The Journey Toward Freedom

Last summer I was fortunate enough to visit the Smithsonian National Museum of African America History & Culture. I went with my younger brother and a high school friend who sparked the revolution you probably heard of at Mizzou.

(Side note: It’s great watching people transition from high school to college, and thereafter pursuing their dreams and following their heart)

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I’d recommend people from all walks of life to visit this museum, as it uncovers the untold stories of those that fought for freedom, equality, and fairness for all people.

The museum covered so many topics, most that I never knew existed; The Paradox of Liberty & The Purpose of Stereotypes to name a few. It told the stories of great abolitionist and had quotes straight from their mouths. Quotes from Harriet Tubman, Sojourner Truth, Nat Turner, and everyone from the 15th century to the 21st century that played a major role in this Journey Toward Freedom.

God’s time is always near….He set the North Star in the heavens; he meant I should be free.

Harriet Tubman CA. 1859

Some of the philosophies that held true during the 15th century still hold true in the present day. A lot has changed, but then again, change has been slow. This is going to be a precursor to what I hope to turn into a full-blown piece one day. This topic is way too heavy to discuss in detail, but the recurring theme that jumped out at me, is freedom, by any means necessary.

In the time of the Revolutionary War, Africans that were both free and enslaved fought on both sides of the Revolution as Patriots and Loyalists. The joined the local militias, armies and even fought at sea. Both armies were skeptical if arming these newly found soldiers, but as the demand for soldiers grew, the British offered enslaved men their freedom in return for service. The Continental Army soon followed. Freedom by any means was the order of the day.

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It seems that the transition from slavery to indentured servitude was ideal under their current circumstances. Not to get into detail about the differences between slavery and indentured servitude, but indentured servants would sign a contract that stated the would work for a certain number of years in exchange for transportation, food, clothing, and shelter.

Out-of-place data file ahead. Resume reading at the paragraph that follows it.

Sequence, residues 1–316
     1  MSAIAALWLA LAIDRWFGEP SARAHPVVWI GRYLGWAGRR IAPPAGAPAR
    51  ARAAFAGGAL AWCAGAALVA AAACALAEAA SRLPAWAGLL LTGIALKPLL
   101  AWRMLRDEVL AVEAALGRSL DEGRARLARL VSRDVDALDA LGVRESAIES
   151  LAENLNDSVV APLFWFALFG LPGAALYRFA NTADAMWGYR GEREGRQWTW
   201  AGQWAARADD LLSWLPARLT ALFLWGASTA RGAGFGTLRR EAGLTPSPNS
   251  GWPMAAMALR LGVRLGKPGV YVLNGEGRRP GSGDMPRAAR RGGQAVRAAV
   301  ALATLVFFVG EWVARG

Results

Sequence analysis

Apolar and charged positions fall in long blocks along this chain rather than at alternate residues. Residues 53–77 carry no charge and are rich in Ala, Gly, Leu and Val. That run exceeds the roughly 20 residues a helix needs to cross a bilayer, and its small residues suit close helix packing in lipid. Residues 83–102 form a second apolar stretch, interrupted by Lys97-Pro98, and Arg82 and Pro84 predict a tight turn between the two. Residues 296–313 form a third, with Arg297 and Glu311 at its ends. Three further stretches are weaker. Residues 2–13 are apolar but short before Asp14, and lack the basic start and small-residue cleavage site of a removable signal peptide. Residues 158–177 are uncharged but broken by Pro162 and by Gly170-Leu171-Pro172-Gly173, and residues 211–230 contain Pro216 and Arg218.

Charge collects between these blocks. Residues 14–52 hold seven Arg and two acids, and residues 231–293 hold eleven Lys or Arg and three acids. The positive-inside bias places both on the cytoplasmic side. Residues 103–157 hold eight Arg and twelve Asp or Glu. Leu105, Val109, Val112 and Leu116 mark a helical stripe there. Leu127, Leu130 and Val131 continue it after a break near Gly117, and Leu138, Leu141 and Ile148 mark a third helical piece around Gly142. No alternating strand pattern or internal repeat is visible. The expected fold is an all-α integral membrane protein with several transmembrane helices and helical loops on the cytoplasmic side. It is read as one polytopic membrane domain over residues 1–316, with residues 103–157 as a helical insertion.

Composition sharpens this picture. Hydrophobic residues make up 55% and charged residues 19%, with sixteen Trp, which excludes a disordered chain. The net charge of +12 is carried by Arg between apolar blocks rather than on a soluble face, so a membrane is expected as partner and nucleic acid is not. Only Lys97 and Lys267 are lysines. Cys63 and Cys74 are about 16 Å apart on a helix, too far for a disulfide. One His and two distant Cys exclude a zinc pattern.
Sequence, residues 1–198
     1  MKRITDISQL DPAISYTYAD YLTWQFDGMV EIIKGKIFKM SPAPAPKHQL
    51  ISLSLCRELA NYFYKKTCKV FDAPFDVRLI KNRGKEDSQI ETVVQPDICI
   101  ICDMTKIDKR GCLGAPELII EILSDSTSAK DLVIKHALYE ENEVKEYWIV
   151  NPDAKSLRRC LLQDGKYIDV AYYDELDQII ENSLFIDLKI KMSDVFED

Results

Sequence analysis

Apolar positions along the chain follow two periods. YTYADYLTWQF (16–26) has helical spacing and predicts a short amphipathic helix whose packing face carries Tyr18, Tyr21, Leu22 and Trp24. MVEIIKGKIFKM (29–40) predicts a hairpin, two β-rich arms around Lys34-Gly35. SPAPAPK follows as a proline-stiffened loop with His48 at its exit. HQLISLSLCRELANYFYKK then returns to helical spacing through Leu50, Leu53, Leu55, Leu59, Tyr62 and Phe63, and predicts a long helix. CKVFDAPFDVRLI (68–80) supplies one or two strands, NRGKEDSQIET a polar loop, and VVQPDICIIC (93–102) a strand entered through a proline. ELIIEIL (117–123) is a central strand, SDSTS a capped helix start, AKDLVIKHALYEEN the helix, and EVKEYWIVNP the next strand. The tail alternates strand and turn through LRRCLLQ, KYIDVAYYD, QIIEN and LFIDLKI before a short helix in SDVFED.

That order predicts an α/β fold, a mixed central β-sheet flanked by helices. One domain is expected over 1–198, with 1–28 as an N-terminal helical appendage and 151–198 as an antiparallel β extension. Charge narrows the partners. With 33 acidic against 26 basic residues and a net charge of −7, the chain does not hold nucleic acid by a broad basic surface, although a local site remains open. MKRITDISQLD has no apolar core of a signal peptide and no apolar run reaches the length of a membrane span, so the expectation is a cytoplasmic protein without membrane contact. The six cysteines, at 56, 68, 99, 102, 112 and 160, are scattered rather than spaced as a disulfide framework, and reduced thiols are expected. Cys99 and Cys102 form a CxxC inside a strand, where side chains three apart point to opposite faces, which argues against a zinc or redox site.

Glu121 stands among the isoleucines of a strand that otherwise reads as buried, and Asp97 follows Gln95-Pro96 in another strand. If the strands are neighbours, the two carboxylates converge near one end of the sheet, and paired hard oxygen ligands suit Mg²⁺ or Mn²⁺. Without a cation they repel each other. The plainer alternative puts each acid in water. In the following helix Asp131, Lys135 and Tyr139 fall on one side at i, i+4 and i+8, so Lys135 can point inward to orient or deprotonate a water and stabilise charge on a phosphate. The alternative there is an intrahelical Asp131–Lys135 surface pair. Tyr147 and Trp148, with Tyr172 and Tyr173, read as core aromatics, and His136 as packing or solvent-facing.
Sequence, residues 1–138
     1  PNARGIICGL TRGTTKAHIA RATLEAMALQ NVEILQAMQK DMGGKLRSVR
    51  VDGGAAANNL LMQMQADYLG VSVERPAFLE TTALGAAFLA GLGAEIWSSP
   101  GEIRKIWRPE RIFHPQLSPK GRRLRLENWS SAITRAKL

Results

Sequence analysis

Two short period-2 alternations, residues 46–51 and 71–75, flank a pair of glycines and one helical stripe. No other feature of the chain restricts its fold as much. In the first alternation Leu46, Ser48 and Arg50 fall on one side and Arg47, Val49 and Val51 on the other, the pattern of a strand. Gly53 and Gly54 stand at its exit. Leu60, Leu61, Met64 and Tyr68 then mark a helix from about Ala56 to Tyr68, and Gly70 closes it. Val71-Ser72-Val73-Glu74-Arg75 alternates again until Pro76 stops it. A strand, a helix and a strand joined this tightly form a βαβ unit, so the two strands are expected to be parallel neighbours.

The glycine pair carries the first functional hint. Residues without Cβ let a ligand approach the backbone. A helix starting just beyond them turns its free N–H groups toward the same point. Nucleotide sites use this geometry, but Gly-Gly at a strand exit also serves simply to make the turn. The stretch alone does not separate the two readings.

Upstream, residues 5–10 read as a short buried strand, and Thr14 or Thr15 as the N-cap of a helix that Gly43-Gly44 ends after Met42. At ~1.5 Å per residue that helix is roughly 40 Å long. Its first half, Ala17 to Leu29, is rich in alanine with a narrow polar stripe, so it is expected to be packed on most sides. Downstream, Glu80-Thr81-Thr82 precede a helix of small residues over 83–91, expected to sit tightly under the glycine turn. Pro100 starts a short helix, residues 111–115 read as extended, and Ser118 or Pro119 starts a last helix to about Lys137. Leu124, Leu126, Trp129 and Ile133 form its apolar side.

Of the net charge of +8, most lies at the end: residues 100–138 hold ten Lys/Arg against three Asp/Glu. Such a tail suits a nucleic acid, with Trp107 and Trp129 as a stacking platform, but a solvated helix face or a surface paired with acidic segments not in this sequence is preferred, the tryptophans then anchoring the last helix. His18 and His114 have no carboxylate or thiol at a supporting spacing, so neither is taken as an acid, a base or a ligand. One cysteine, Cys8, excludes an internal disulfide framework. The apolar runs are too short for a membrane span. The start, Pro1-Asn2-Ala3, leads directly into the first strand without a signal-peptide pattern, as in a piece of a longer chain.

In the case, it was fighting in a bloody war and not working in the tobacco industry. None the less, it was a path to freedom.

But what is freedom, and can you be granted freedom by someone else? The promise of freedom in exchange for serving couldn’t have been far from, well, freedom. Slavey expanded intensely and the American economy relied heavily on the labor of unpaid workers. The U.S. Consitution defended it, and Manifest Destiny would expand the nation west, not only extending slavery but leaving behind a Trail of Tears.

Despite this, enslaved African Americans sustained a vision of freedom by making prayer, family, dance, food, dress, and even work their own. They built their own identities.

Fast-forward to the 1950s, and you’ll hear about Malcolm X and the Nation of Islam. What we’re not told about the leader of the NOI, was that he split, traveled abroad and saw the African American fight for human rights as part of the larger international struggle. Freedom was much more global than what he thought it to be.

I’ve had a similar revelation during my travels. I used to think freedom was not being under the rule of my parents. It wasn’t just me, a lot of my friends deemed themselves to be “free” while in college. But that freedom ended when they either graduated or stopped attending.

I don’t believe freedom to be circumstantial, or external. There are a lot of external factors, and of course, but it’s different for everybody. What I want to do with this, is understand from a global perspective, what freedom means to others in present day.

What does freedom mean to the descendants of slaves? What does freedom mean to survivors of the Holocaust? What does freedom mean to immigrants fleeing their land? What does freedom mean to someone incarcerated?

What does freedom mean…to you?

 

About the Author O.K. Arowolaju

Youth Minister, Product Manager

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